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Taylor v. Hayman


April 9, 2010


The opinion of the court was delivered by: Simandle, District Judge


This matter is before the Court on the application of petitioner, Raheem Taylor, for a writ of mandamus.*fn1 Petitioner submitted an application for in forma pauperis with an affidavit of indigency and his prison account statement, as required under 28 U.S.C. § 1915(a)(2). It appears that Petitioner qualifies for indigent status. For the reasons set forth below, however, the petition for a writ of mandamus will be dismissed for lack of jurisdiction.


Petitioner, Raheem Taylor ("Taylor"), brings this petition for a writ of mandamus against the following state official respondents employed by the New Jersey Department of Corrections ("NJDOC"): George W. Hayman, NJDOC Commissioner; Donald Mee, Administrator; and Ellen Alchevesky, Business Manager. (Complaint, Caption). Taylor alleges that the respondents have failed to return funds debited from petitioner's prison account for partial payment of the $350.00 filing fee associated with Taylor's earlier civil action, Taylor v. Cole, Civil No. 06-6016 (RBK). He also alleges that respondents have failed to delete reference to this earlier action on his prison account statement. By this action, Taylor seeks to have this Court order the state respondents to return funds previously deducted from his account, and to delete all references to Taylor's earlier civil rights action from his institutional account statement.

Taylor alleges that, in Civil No. 06-6016 (RBK), he had filed a request for in forma pauperis ("IFP") status, which relieved him from prepayment of the $350.00 filing fee for civil actions upon affidavit of indigency, pursuant to 28 U.S.C. § 1915(a). Taylor's IFP application was granted on December 29, 2006. Pursuant to the December 29, 2006 Order, Taylor was to be assessed an initial partial filing fee equal to 20% of Taylor's average monthly deposits for the six month period preceding the date Taylor filed his Complaint. Further, partial payments of the $350.00 filing fee were to be paid from Taylor's prison account, when funds exist, each subsequent month when the amount in Taylor's prison account exceeded $10.00, up to 20% of the preceding month's income credited to Taylor's prison account. When partial payments were deducted from Taylor's account, each payment was to reference the docket number of Taylor's earlier action, Civil No. 06-6016 (RBK).

Taylor states that an initial fee of $10.00 was deducted from his account. This amount is confirmed by the docket report for Civil No. 06-6016 (RBK), at docket entry no. 4, which shows that partial payment of $10.00 was made on January 10, 2007. Thereafter, at docket entry no. 23, the docket report for Civil No. 06-6016 (RBK) shows that, on October 26, 2007, a partial prisoner payment of $340.00 was made. On November 9, 2007, Taylor filed a motion for return of funds on the grounds that the amount deducted exceeded the IFP Order that provides for partial payment each month funds are available up to 20% of the amount existing in Taylor's prison account. (See docket entry no. 27, Civil No. 06-6016 (RBK)).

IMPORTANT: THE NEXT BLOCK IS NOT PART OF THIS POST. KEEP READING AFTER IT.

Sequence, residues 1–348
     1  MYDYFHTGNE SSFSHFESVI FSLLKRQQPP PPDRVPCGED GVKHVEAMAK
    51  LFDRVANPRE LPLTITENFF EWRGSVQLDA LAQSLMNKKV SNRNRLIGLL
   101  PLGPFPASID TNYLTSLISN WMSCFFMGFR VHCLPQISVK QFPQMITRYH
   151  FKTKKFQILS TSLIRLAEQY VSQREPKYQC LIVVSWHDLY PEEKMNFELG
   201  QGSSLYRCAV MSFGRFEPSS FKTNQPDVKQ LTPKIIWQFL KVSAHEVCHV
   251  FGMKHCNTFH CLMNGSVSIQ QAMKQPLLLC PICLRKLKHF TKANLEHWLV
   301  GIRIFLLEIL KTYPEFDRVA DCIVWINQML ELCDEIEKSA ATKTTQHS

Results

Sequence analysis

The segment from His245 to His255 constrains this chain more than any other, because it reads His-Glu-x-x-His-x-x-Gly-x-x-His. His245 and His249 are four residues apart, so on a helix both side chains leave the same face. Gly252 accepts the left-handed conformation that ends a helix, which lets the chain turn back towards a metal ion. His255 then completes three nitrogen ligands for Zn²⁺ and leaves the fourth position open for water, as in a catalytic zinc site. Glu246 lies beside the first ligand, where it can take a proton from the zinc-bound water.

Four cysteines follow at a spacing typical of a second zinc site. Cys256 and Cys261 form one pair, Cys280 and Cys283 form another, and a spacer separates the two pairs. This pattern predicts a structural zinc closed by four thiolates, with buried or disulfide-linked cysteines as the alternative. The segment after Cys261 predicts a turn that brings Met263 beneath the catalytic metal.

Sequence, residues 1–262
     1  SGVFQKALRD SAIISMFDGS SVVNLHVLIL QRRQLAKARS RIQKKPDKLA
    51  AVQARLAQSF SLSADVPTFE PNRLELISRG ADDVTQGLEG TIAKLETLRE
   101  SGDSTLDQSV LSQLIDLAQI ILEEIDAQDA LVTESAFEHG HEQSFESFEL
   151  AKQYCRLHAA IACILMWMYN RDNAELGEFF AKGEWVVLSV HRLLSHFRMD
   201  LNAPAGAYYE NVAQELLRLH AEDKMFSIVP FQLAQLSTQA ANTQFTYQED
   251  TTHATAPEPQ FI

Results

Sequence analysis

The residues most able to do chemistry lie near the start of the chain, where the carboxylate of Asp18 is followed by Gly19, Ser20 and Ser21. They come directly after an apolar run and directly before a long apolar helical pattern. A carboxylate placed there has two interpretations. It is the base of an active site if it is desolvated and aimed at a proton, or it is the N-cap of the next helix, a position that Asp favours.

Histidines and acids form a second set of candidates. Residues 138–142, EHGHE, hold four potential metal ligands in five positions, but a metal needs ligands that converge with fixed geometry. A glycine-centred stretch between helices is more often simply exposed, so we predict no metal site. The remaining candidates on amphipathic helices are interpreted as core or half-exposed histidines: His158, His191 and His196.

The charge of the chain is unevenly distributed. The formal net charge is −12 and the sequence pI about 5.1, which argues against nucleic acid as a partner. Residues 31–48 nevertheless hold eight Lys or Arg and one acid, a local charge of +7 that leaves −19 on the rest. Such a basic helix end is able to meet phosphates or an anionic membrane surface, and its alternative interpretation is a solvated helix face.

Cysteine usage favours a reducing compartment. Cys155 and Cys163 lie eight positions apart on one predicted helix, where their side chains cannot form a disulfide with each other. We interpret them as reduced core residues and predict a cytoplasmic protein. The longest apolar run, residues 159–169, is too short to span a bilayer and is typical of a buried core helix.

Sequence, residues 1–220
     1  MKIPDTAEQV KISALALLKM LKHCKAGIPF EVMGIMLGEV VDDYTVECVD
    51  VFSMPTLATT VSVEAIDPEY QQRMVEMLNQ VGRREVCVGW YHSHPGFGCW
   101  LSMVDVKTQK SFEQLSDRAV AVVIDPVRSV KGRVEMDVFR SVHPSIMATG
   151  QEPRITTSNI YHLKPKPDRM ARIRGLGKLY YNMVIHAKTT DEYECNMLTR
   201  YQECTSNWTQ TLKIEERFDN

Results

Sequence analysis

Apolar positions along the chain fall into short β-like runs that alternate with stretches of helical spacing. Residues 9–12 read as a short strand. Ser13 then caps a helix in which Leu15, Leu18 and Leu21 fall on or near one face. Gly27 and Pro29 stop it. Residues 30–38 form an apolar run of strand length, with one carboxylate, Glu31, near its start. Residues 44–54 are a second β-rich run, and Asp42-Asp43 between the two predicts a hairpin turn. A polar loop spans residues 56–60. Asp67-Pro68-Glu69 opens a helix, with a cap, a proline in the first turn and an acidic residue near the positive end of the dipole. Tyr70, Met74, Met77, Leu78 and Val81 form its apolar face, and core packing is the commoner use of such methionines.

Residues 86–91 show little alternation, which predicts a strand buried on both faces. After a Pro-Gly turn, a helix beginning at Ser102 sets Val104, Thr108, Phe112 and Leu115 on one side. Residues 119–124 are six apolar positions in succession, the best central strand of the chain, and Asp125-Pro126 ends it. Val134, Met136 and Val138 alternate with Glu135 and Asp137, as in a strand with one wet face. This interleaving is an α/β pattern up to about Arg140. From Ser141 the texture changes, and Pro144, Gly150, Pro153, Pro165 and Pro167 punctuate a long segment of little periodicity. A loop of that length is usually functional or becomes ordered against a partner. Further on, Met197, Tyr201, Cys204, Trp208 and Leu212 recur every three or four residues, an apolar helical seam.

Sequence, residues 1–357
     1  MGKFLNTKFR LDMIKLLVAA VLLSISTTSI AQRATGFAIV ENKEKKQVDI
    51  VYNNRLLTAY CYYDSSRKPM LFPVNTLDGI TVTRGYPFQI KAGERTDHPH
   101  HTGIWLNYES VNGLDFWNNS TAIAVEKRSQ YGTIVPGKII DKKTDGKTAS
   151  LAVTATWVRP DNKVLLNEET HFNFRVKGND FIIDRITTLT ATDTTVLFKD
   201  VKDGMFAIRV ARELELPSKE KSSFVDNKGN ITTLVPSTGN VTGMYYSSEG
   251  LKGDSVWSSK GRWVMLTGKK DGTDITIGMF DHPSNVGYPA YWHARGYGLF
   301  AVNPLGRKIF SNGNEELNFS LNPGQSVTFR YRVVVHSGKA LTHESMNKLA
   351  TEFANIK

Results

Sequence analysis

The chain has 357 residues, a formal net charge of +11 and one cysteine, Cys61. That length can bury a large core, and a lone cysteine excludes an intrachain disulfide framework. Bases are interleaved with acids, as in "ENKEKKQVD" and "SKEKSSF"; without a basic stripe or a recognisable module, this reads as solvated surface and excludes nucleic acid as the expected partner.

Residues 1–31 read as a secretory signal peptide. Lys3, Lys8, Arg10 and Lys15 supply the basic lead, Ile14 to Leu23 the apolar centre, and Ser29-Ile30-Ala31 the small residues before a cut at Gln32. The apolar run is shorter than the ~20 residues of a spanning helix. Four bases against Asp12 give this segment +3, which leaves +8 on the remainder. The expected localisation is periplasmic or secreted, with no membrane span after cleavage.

A Stipulation of Dismissal was entered in Civil No. 06-6016 (RBK) on December 20, 2007. However, Taylor's motion for remittance of funds was not ruled upon by the Court. On February 11, 2008, the case was reopened to consider Taylor's application.

On July 23, 2008, an Order was entered by the Honorable Robert B. Kugler, U.S.D.J., conditionally granting Taylor's motion for remittance of funds. (See docket entry no. 32, Civil No. 06-6016 (RBK)).

Specifically, Judge Kugler found that "a remittance of certain funds [was] due to [Taylor]," but the "Court [] disagrees with [Taylor's] exercises in mathematics." The Court noted that the actual amount of the disputed second assessment was $340.00, not $350.00 as alleged by Taylor. Thus, calculating 20% of the credited amount of $691.51 in Taylor's prison account in October 2007 (which is $138.00), and deducting $138.00 from $340.00 paid, Taylor would be owed $202.00. However, the Court further found that, since the date of the second assessment, October 2007, monthly assessments should have been made against Taylor's prison account in accordance with the Court's December 29, 2006 IFP Order. Thus, the Court stated that the accumulated total of those monthly assessments was due to the Clerk, and this accumulated total should be deducted from the $202.00 difference in order to determine the amount of remittance due to Taylor. (See docket entry no. 32 at ¶¶ 5, 6, Civil No. 06-6016 (RBK)). In a footnote to the July 23, 2008 Order, the Court stated, as follows:

The Court stresses that the fact of this Court conditionally directing a remittance to Plaintiff does not indicate that Plaintiff is relieved from his obligation to pay the entire amount of $350.00 filing fee due from him; it merely indicates that the Plaintiff is entitled, pursuant to his in forma pauperis status, to pay that amount in installments rather than by a single collection such as the Second Assessment collected by the Burlington Officials. (See docket entry no. 32 at fn. 3, Civil No. 06-6016 (RBK)).

After the July 23, 2008 Order, Taylor alleges that no communications were made by respondents to determine what fees, if any, were due to the Court from Taylor, as directed by the Court Order. Taylor contends that had respondents complied with the Order, they would have learned that no fees were due because the filing fee had been paid in full and the Court's late ruling on his motion for remittance of funds rendered further enforcement of the Order moot. (Petition at ¶¶ 7, 8). Nevertheless, on February 19, 2009, almost seven month after entry of the July 23, 2008 Order, Taylor's prison account shows that $9.54 was deducted in connection with Taylor's prior Civil No. 06-6016 (RBK). Ths Court observes, however, from the docket report for Civil No. 06-6016 (RBK), that payment in that amount was never made or recorded. It is not clear where the $9.54 deduction was directed for payment.